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youth programs

Girl guides camping along the Credit River in Ontario, in 1913. The Girl Guides of Canada is marking its 100th anniversary this year but membership has dropped.The Canadian Press

Camp Wa-Thik-Ane was any outdoor enthusiast's dream, sitting in a quiet forest miles from the main highway and next to a little lake perfect for canoeing and fishing.

But even the idyllic Laurentians could not shield Quebec's last Girl Guide camp from indifference. After 84 years of sing-a-long campfires, the Girl Guides have shut down summer programming at Wa-Thik-Ane. Only 30 girls attended last year.

The Girl Guide movement founded 100 years ago to foster outdoor and leadership skills is shutting Canadian camps and selling off land to ease a financial crunch caused by a steep, long-term membership decline.

Faced with years of deficits caused by the camps, including a $1.3-million shortfall in 2008, Ontario's Girl Guide council has shut down 16 camps and will sell millions of dollars worth of property over the next 18 months, some of it in prime vacation spots.

A camp in British Columbia is facing a major tax bill and possible closing. Similar stories are playing out in the United States, where dozens of camps have been closed and put up for sale.

Guide leaders in Quebec have said they have no plans to sell the valuable real estate near Morin Heights, 70 kilometres northwest of Montreal, but former participants lament that it's only a matter of time.

"Sadly, someone will buy the land, knock it down, put up a bunch of condos," said Kelly Yale, a 43-year-old accountant who was both a leader and camper at Camp Wa-Thik-Ane. "It's just the way of the world."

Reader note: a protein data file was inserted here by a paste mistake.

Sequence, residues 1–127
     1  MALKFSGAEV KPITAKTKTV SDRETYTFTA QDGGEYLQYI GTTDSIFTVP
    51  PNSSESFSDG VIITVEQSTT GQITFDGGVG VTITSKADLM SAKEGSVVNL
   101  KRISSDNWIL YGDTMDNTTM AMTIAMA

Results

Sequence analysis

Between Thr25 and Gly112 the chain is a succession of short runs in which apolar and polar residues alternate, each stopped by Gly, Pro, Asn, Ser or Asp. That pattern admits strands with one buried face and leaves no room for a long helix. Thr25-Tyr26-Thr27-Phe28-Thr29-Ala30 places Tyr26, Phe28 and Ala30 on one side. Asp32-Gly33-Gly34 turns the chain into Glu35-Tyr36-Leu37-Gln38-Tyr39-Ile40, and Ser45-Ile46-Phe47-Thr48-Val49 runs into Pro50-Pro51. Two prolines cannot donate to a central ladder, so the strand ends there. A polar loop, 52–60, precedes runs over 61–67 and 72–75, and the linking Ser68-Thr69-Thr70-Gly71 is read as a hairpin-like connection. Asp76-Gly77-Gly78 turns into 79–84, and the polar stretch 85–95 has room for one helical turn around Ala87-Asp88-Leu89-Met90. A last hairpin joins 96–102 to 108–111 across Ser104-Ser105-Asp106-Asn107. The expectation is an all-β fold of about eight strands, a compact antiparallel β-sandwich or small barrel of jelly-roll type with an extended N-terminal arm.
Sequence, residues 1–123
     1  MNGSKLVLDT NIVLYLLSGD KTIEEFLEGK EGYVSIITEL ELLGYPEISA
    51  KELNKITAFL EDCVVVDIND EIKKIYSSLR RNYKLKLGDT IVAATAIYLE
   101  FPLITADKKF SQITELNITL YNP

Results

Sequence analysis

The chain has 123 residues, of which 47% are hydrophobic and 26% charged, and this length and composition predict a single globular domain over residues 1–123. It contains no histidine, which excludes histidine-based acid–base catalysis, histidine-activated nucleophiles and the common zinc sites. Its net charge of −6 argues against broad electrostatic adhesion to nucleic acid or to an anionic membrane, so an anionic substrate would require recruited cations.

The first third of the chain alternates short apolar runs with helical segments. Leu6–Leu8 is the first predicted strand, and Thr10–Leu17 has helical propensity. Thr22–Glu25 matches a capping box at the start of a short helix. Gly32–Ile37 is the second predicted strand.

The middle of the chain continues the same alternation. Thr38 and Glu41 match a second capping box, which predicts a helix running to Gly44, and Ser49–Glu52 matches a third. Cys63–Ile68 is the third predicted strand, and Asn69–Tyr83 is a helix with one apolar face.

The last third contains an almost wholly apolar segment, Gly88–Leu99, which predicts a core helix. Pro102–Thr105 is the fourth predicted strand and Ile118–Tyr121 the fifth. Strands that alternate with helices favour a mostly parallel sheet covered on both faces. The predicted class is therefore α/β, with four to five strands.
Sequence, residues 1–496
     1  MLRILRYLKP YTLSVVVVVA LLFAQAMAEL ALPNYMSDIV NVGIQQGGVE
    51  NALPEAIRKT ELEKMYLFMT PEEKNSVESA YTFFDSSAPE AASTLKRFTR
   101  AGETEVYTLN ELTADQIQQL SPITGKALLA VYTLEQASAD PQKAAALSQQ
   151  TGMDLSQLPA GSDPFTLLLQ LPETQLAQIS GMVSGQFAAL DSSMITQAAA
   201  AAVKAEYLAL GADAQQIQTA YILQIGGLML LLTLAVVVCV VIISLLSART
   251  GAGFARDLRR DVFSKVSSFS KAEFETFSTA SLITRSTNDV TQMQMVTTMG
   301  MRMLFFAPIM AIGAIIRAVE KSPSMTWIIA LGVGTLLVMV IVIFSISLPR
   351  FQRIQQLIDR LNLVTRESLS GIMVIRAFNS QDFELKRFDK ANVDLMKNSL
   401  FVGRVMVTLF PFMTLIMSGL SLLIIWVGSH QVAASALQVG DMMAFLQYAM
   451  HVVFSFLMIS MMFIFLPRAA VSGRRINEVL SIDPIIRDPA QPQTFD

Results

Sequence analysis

Marnie Cumming, the Ontario Girl Guide commissioner, said money was not the only factor in the decision to unload nearly half of Ontario's 33 camps. Guide membership in Canada has fallen to just over 90,000 from 230,000 in the early 1990s.

"We really had a huge overcapacity," Ms. Cumming said. "All across the country, we're looking at our camps and really trying to analyze to make sure we're making the best use of our resources."

Scout and Girl Guide leaders say they are fighting an image problem as a dusty vestige of another time, along with an explosion in the number of youth pastimes.

Ms. Yale, who could never persuade her adult daughter to join, said the Girl Guides haven't adapted to modern childhood. Girls raised in daycare would rather run around a soccer pitch than participate in the group activities typically reserved for the youngest Guides, she said. `

"My daughter was more of a sporty kid, less of a tap-dancing-arts-and-crafts kind of kid," Ms. Yale explained.

"By the time you're five now, you've spent a lot of time in groups, you've probably made 2,000 snowmen, along with every other little kid craft. By the time you're six, you're in swimming lessons and gymnastics five times a week. When you get to the age where the Girl Guides really get into the fun stuff like camping and canoeing, it's off your radar."

Scouts Canada has also been quietly peddling their land across Canada since the 1990s. Like the guides, the scouts have promised proceeds from sales will mainly go into remaining camps.

Liam Morland, a troop leader and critic of the sales, said 44 properties were sold or had leases terminated since the late 1990s.

Mr. Morland, scoutmaster of the 21st Waterloo Scout Troop, started a website years ago dedicated to giving fellow leaders a tool to find new camp options. His site became a kind of camp sale watchdog in 2004, when the bulk of the massive Scout selloff took place.

The most controversial sale among Scouts may have been the $1.25-million sale of about a quarter of the Haliburton Scout Reserve.

"The thing that really burned people about that one is it was basically the premier camp in the whole country," Mr. Morland said.

Scout leaders also point out that Scout and Girl Guide land was often bequeathed, donated or purchased at a fraction of the cost, thanks to generous sellers.

With Girl Guide and Scout enrolment basically flat in the past couple of years and showing signs of future growth, the selloffs "basically set us up so we can't grow," Mr. Morland said.

"Once the land gets sold, there is no way we can ever get it back."